This Is Very Sad.

November 4, 2011 at 11:29 am (Uncategorized)

A week to the day of one of the greatest celebrations in St. Louis Cardinals history–the improbable comebacks of the Game 6 win, Bob Forsch–the fellow I wrote about last Friday and the gent who threw out the first pitch of Game 7 of the World Series–died suddenly at his home last night of a heart aneurysm.

So very sad, and feeling a bit too old right now.

A quick story, if you will, to illustrate why Bob Forsch is revered and greatly mourned today.  In 1987, The Cardinals averted a late-season collapse (brought on by an ankle injury to slugger Jack Clark that left a team that was cruising through July fighting for their postseason in September) and were in the NLCS, facing the then-hated Giants.  Early on in the season, Giants outfielder Candy Maldonado had criticized St. Louis and its fans as being part of a “cowtown” (when the NLCS returned to St. Louis for game 6, Cardinals fans turned up with what seemed like 50,000 cowbells, banging them incessantly; that whole “best fans in baseball thing” wasn’t bestowed, it was earned.)  Meanwhile, Maldonado’s teammate Jeffrey Leonard had sniffed about the Cards not even being the equals of the Giants.  Leonard crushed a couple of long home runs early in that series, and when Jeffrey rounded the bases he did it at a pace would have had him losing a footrace to some glaciers out there.  He did this “one flap down” thing, and generally just acted like an ass out there.  Leonard lived to show up other players, and as far as I can tell was then and remains now one of the most-hated players in St. Louis sports history.  Think Brandon Phillips only without the sly humor that lets you know he’s putting everyone on, or Nyjer Morgan with actual talent.

And so it’s Game 3 of the NLCS, and the series is in San Francisco.  With rookie pitcher Joe Magrane on the hill, Jeffrey Leonard has already hit his 3rd HR in as many games in the series, and the Cardinals trail 4-0.  Whitey Herzog brings in Bob Forsch to pitch the 4th inning.  Forsch, by then, was in the twilight of his career, an aging vet who only survived on guile and pitch location.  With 1 out in the fifth, the hated Jeffrey Leonard came up to bat…and Forsch promptly absolutely drilled the guy in the ribs.  Pasted him.  Leonard took his base like a pro, but after Forsch wriggled out of the bases-loaded jam the HBP (and then some awful infield play) got him into, the Cardinals stormed back to win that game 6-5, and eventually won the NL pennant in 7 games (with the Giants shut out without scoring in games 6 and 7 amid a cacophany of cowbells when the series came back to St. Louis.)  At any rate, even as an aging long-reliever past his prime, Forschie still was the heart and soul of the Redbird pitching staff, a guy the team rallied around.  I don’t think that team wins the 1987 pennant without Bob sticking an 88-mph fastball in Penitentiary Face’s side.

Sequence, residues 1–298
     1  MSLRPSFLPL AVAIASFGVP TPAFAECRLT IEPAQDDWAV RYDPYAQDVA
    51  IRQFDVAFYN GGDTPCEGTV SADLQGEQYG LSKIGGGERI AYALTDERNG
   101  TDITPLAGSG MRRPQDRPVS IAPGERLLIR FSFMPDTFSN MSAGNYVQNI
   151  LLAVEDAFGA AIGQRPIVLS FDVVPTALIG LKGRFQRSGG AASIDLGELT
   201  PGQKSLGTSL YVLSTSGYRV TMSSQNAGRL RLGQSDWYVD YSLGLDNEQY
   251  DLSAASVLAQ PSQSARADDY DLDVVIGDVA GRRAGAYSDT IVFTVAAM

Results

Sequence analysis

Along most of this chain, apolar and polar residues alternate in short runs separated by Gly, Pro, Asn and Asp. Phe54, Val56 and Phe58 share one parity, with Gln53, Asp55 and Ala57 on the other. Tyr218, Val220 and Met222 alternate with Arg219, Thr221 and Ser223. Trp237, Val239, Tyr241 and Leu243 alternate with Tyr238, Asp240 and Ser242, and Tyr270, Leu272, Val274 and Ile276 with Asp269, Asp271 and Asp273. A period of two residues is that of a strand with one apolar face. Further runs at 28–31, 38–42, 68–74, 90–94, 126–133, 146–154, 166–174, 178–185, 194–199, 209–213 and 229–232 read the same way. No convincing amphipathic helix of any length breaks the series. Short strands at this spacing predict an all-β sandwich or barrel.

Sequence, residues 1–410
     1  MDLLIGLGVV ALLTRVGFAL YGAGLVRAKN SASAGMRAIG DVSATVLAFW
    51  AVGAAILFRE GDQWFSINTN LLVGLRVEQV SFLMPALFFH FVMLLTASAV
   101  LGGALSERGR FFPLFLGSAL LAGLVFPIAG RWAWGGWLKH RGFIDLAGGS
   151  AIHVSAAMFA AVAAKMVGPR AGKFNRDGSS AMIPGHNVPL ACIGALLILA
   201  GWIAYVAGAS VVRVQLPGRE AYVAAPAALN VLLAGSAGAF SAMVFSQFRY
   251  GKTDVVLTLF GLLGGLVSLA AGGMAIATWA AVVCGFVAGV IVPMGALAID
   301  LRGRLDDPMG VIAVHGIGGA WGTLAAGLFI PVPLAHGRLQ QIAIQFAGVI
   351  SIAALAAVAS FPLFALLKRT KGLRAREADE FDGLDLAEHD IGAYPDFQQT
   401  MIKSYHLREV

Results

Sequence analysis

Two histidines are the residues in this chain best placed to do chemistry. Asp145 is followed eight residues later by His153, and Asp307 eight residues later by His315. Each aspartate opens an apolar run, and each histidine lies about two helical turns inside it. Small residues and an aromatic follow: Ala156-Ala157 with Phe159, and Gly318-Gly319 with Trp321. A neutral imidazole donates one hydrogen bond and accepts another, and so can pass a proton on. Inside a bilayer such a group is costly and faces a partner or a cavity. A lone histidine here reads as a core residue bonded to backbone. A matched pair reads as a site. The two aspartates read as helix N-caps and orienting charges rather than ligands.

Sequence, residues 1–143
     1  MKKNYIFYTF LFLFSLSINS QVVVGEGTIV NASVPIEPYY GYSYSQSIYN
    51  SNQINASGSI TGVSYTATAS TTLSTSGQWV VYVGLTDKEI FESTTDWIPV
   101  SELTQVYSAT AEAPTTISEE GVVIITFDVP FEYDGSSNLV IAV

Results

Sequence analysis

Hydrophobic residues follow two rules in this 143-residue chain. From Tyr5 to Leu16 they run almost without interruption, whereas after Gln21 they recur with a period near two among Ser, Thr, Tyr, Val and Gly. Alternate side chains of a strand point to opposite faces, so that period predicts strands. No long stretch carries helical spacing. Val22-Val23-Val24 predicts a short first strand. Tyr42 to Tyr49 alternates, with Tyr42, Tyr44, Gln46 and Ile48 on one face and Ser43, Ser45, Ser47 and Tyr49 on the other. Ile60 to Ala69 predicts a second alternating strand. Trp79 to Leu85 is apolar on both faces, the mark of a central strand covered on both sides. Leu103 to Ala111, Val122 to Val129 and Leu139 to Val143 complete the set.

3 Comments

  1. Stu said,

    Truly sad indeed, but in a way it’s nice to know he must have still been feeling the glow of seeing his team achieve a glorious victory – and of being a visible part of it. If you have to go, perhaps it’s best to go on a high note…

  2. Brian S. said,

    Great stuff. I think it was Chili Davis who called STL a cow town though.

  3. Chris said,

    Brian, you’re right! Thanks for the correction, it was indeed Chili Davis who made the “cowtown” comment. Candy was the guy who lost that tailing line drive off the bat of Tony Pena in the lights that led to the only run that scored in Game 6.

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